EGTA

Talk about things that are not necessarily related to music or the guitar.
User avatar
Mark Clifton-Gaultier
Posts: 986
Joined: Tue Dec 08, 2009 1:03 pm
Location: England

EGTA

Post by Mark Clifton-Gaultier » Sat Jul 29, 2017 5:14 pm

Anyone at this month's get together?

If so - did you try the Earl Marsh Staufer copies or hear Tom McKinney's lecture recital?

User avatar
Stephen Kenyon
Teacher
Posts: 1814
Joined: Sun Aug 04, 2013 11:26 am
Location: Dorchester, Dorset, England

Re: EGTA

Post by Stephen Kenyon » Sat Jul 29, 2017 5:28 pm

Nope, unable to make it again this year. Didn't realise you are a member!
Simon Ambridge Series 40 (2005)
Trevor Semple Series 88 (1992)
Louis Panormo (1838)
Alexander Batov Baroque Guitar (2013)

User avatar
Mark Clifton-Gaultier
Posts: 986
Joined: Tue Dec 08, 2009 1:03 pm
Location: England

Re: EGTA

Post by Mark Clifton-Gaultier » Sat Jul 29, 2017 6:20 pm

Stephen Kenyon wrote:Nope, unable to make it again this year. Didn't realise you are a member!
Well Stephen - that's because I'm not. I was intending to join up and attend this year (and last) but I'm still undergoing treatment for the big C and circumstances just didn't work out well enough for me yet.

I have friends in the ranks though - one of whom mentioned the guitars and that Tom K had used one for some Dowland. He gave a positive report on one of the instruments - I just wondered if anyone else had an opinion as I'm in the market for a new build and haven't come across them before.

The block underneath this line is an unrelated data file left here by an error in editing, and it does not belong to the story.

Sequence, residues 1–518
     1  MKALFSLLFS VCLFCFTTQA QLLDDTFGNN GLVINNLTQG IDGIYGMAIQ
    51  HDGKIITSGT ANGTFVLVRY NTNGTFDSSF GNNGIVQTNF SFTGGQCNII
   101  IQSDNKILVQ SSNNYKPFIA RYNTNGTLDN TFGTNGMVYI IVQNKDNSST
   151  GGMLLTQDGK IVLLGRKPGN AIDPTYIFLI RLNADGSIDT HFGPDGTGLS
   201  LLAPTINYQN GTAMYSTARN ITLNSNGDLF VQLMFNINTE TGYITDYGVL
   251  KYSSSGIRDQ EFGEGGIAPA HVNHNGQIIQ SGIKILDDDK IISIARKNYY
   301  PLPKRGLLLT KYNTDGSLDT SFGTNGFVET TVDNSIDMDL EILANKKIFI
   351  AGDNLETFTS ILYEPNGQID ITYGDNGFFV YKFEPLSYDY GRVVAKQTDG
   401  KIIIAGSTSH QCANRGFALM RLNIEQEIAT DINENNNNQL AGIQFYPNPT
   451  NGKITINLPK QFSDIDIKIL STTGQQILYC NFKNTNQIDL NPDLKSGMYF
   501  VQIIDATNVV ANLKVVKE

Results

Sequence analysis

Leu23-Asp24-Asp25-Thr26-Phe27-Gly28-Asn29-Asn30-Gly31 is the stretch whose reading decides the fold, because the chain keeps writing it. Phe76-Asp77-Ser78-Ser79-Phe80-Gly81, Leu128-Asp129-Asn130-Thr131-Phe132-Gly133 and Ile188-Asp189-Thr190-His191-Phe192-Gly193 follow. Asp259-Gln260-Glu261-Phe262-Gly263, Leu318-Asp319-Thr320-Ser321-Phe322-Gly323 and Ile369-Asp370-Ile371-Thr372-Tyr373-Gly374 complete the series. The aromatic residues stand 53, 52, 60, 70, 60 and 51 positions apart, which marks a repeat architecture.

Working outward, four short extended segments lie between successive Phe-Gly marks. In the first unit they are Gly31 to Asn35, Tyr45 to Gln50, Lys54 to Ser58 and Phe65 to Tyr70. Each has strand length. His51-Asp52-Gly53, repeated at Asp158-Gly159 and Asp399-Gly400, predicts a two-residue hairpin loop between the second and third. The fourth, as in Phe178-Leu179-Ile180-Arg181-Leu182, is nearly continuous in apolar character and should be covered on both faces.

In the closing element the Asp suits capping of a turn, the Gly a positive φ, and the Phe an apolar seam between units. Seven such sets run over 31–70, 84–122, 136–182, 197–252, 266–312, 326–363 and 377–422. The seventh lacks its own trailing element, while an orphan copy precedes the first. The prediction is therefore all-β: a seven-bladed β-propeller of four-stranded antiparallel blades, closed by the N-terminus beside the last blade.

User avatar
pogmoor
Moderator
Moderator
Posts: 8643
Joined: Mon Nov 22, 2004 10:55 am
Location: Oxfordshire, UK

Re: EGTA

Post by pogmoor » Sat Jul 29, 2017 6:59 pm

Mark Clifton-Gaultier wrote:
Sat Jul 29, 2017 5:14 pm
...did you try the Earl Marsh Staufer copies...
I've heard several Earl Marsh guitars (though not Stauffer copies) and talked to him about guitar-making. I've been very impressed by what I have heard.
Eric from GuitarLoot
Renaissance and Baroque freak; classical guitars by Lester Backshall (2008) and Paul Fischer (1995)
Yamaha SLG 130NW silent classical guitar (2014)

User avatar
Stephen Kenyon
Teacher
Posts: 1814
Joined: Sun Aug 04, 2013 11:26 am
Location: Dorchester, Dorset, England

Re: EGTA

Post by Stephen Kenyon » Sat Jul 29, 2017 7:53 pm

Understood.

I've seen one or two of Marsh's standard guitars, very fine.

I used my actual Staufer for Dowland a couple of times; the grain on the soundboard was so close packed, I calculated the spruce front was as old as the music.
Simon Ambridge Series 40 (2005)
Trevor Semple Series 88 (1992)
Louis Panormo (1838)
Alexander Batov Baroque Guitar (2013)

User avatar
Mark Clifton-Gaultier
Posts: 986
Joined: Tue Dec 08, 2009 1:03 pm
Location: England

Re: EGTA

Post by Mark Clifton-Gaultier » Sat Jul 29, 2017 11:34 pm

Stephen Kenyon wrote:I've seen one or two of Marsh's standard guitars, very fine.